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THE GOSPEL ACCORDING TO
A CONTINUOUS COMMENTARY.
GEORGE J. BROWN, M.A.
CURATE OF BLADON, OXON.
AND DOMESTIC CHAPLAIN TO THE DUKE OF MARLBOROUGH.
MERCIFUL LORD, WE BESEECH THEE TO CAST THY BRIGHT BEAMS Of Light UPON Thy CHURCH, THAT IT, BEING ENLIGHTENED BY THE DOCTRINE OF THY BLESSED APOSTLE AND EVANGELIST Saint John, MAY SO WALK IN THE Light Of The TRUTH, THAT IT MAY AT LENGTH ATTAIN TO THE LIGHT OF EVERLASTING LIFE; THROUGH JESUS CHRIST our LORD. Amen.
Collect for Saint John the Evangelist's Day.
These Expository Lectures may be described as an attempt to combine careful criticism with practical instruction, so that on the whole they may be neither beneath the notice of the theological student, nor beyond the capacity of the general reader. For this purpose the Author has endeavoured to collect, as into a focus, rays of light from whatever source“; the purely critical remarks and references being thrown into the shape of foot-notes, which plentifully illustrate the work: forming, if the sources from which they are mostly taken be considered, a sort of “ Catena Patrum," or Sacred Anthology; "a set of orient pearls,” (if the expression may be allowed,) yet not, it is hoped, altogether “at random strung b.” As such they have a value of their own, altogether independent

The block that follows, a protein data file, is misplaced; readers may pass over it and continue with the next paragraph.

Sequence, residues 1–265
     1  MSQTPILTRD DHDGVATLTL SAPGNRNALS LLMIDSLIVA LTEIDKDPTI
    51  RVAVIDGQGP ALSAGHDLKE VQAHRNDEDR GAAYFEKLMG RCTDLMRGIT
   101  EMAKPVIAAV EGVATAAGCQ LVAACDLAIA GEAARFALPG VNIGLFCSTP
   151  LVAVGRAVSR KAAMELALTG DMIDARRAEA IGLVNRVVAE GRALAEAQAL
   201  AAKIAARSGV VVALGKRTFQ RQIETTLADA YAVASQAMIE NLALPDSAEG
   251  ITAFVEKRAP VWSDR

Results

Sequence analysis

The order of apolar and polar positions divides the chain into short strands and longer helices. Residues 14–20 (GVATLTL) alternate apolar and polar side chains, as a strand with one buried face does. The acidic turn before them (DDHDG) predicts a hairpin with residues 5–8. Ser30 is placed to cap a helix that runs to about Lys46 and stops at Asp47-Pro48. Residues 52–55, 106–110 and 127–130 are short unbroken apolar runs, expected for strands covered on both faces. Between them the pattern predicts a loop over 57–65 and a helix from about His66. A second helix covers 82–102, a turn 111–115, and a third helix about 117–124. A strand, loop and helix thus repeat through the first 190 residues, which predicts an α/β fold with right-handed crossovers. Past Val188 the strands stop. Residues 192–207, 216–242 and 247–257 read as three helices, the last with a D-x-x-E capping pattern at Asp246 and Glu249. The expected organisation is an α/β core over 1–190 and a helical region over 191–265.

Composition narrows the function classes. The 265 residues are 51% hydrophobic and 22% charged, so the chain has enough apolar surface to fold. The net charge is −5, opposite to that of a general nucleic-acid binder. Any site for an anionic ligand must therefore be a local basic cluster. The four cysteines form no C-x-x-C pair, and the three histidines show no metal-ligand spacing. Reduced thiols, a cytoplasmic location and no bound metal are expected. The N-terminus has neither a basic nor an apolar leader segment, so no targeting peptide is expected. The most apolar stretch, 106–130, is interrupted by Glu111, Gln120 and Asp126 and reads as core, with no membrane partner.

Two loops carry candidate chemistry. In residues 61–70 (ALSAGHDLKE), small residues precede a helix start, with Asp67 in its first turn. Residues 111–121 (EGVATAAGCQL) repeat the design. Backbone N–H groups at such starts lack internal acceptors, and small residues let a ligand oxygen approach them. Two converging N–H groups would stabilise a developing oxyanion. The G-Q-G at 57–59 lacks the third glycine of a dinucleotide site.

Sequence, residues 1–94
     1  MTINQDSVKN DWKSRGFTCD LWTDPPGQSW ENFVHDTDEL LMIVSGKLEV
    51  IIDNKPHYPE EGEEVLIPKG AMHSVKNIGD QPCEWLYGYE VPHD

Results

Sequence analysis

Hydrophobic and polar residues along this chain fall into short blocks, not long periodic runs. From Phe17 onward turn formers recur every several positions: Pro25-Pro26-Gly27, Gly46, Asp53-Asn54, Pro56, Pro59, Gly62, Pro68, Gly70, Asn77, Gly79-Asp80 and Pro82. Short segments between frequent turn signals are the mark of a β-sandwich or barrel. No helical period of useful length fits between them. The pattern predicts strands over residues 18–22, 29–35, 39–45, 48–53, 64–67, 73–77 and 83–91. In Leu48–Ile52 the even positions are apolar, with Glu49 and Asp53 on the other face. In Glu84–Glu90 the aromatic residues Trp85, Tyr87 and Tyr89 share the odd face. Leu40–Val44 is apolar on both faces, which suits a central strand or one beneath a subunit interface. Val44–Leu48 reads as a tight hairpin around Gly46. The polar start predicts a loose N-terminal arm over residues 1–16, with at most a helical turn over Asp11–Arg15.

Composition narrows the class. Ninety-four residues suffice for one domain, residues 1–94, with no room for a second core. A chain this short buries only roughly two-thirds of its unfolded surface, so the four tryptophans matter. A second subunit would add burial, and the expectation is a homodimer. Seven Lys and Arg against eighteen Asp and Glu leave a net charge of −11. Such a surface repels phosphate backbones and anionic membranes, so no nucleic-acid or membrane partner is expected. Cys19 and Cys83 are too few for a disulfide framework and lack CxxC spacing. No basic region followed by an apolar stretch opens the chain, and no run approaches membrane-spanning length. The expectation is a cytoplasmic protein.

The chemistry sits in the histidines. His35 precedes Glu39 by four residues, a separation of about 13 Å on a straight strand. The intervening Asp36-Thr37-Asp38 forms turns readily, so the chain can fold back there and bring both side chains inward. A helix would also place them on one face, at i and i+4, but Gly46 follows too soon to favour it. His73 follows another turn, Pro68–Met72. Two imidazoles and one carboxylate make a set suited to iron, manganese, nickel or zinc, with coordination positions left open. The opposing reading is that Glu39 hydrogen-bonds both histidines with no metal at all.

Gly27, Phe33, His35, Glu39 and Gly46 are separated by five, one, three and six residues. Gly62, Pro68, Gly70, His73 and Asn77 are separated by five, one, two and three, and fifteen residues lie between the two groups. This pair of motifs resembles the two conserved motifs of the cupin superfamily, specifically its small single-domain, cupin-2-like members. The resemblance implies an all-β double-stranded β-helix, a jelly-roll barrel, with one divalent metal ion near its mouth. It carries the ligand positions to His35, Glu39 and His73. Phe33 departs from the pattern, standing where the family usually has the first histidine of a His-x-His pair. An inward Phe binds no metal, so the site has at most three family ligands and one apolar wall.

. It may be allowable to cite here, in illustration of this, what was said on a kindred subject by one whose words must, of course, for any in this Diocese, have a double weight. The following is from the report of the Bp. of Oxford's speech at Cambridge, on All Saints' Day, 1859, in behalf of the Mission to Central Africa; words which since their first utterance have received a solemn and unlooked for emphasis in the early death of the first leader of that great Christian enterprise :-“ The lives of such men have not been lost because they died early in the cause, the labours of half a century having been gathered up, as it were, into two or three years ...... You must concentrate the light, in order to make it luminous amid the darkness."
This oft quoted expression, it may not be superfluous to observe, is found in Sir William Jones's translation of a Persian Song of Hafiz.